Six factors that influence birth rates in poor countries essay

Why do poor people have the highest birth rates?

One way in which the global free trade market has done this is through the introduction of reduced protective tariffs and increased exclusionary trading blocs. The need for private assisted conception due to lack of public funding may eventually lead to only the rich benefiting from fertility treatment.

However the fertility rates of immigrants to the US have been found to decrease sharply in the second generation as a result of improving education and income. Perhaps more relevant to the current debate is the replacement fertility rate which is the total fertility rate in which women would have only enough children to replace themselves and their partners.

Since healthcare has several priorities such as cancer, care of elderly and acute medicine, fertility care is not high on the agenda. The very high rate and level of development experienced by most rich countries of the world is another factor which perpetuates many challenges faced by people in developing countries.

It has its own political implications also. In many developing countries with unstable political histories, however, government corruption and greed have caused problems which have hindered such progress.

The social structure, religious beliefs, economic prosperity and urbanisation within each country are likely to affect birth rates as well as abortion rates, Developed countries tend to have a lower fertility rate due to lifestyle choices associated with economic affluence where mortality rates are low, birth control is easily accessible and children often can become an economic drain caused by housing, education cost and other cost involved in bringing up children.

The debt these countries are facing today is a result of large loans that were issued to them during the s and s. At the same time colonisation was occurring in the Americas, the same process was unfolding throughout large sections of Asia and Africa.

Wars also often cause disunity amongst the population, which can lead to a breakdown in social cohesion. Countries like Japan have a similar concern.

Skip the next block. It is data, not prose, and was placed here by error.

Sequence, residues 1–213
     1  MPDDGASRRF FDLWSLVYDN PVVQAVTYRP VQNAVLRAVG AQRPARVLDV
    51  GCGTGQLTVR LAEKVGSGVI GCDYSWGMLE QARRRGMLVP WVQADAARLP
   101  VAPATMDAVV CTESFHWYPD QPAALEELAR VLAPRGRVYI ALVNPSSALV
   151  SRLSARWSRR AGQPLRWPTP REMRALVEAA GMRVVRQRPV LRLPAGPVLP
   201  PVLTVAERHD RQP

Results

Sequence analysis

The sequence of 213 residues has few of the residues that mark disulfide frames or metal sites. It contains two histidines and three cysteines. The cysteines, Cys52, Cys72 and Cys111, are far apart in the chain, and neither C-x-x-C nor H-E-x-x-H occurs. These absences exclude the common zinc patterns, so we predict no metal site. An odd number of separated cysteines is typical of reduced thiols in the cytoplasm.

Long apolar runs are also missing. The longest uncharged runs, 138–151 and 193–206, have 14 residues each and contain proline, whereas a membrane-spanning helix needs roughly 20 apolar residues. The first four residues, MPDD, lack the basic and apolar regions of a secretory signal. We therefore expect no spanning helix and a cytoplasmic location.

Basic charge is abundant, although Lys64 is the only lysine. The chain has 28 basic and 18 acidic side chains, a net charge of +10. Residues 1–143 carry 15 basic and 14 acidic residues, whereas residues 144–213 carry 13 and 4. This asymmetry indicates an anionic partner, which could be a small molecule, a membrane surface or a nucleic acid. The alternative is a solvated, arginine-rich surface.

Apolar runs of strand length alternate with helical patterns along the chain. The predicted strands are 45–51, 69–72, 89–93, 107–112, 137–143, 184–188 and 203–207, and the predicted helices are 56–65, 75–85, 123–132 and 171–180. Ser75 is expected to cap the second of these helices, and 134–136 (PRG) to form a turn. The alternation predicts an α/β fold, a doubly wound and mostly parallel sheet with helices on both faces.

Declining birth rate in Developed Countries: A radical policy re-think is required

In developing countries of the world today, one of the most significant historical factors that has hindered development is colonisation. Developing countries that lack a stable system of government or those that have experienced or are experiencing war, often become burdened with political crises which impede their development.

This can result in a demographic economic paradox. Natural resources, agricultural commodities, minerals, plants and spices are some common examples of products that colonising powers throughout history have taken from their colonies.

Factors contributing to a country's level of development

In developing countries children are needed as a labour force and to provide care for their parents in old age. This will lead to long term social inequality. Economic factors that hinder development The debt cycle Many developing countries of the world are heavily indebted owing money to international financial institutions and foreign banks based in developed countries.

The Total Fertility Rate TFR of a population is the average number of children that would be born to a woman over her lifetime if she were to experience the exact current age specific fertility rates through her life time and she were to survive from birth through the end of her reproductive life.

Countries with well-developed industries are able to provide jobs, infrastructure and services for their populations, which increase the overall quality of life of their citizens.

The death rate has fallen and hence the number of the old is increasing. In certain ways they help to determine the form and structure of these societies.

The first is to find ways of increasing the birth rate; this is essentially a long term solution but one which should provide more steady and predictable results.Birth Rates, National Income And Infant Mortality Rates. Print Reference this. Published: 23rd At the macroeconomic level income is inversely proportional to birth rates i.e.

the poor countries with low per-capita income tend to have high birth rates and vice-versa. Health seems to influence birth rate more than wealth; hitherto for a.

Essay on the Biological Factors of Social Change

One is that birth control and sex education are simply more widely available in wealthy countries. In poor countries, many have no form of birth control other than abstinence, which is not a popular option.

Why is birth-rate higher in developing countries as compared to developed countries? Update Cancel. higher birth rates lead to. Factors contributing to a country's level of development, A developing country, Issues in the developing world, SOSE: Geography, Year 9, WA Introduction A country's level of development is influenced by a number of interrelated factors.

High birth rates in developing countries exacerbate problems related to poverty, as often these countries. There are several factors such as lifestyle factors, an increase in sexually transmitted diseases, rise in obesity and environmental factors involved in urbanisation and urban lifestyle that are affecting fertility and have led to rise in male and female subfertility.

Proposed policies to address declining birth rates in developed countries. Economics influence fertility rates more than other factors Date: April 30, Source: University of Missouri-Columbia Summary: Based on a recent study by an anthropologist, economic changes.

There are several factors which influence birth rates in poor countries. Plus, there are marked differences between the birth rates in wealthy nations, like United States, and poor nations, like Sudan and Uganda.

Six factors that influence birth rates in poor countries essay
Rated 0/5 based on 10 review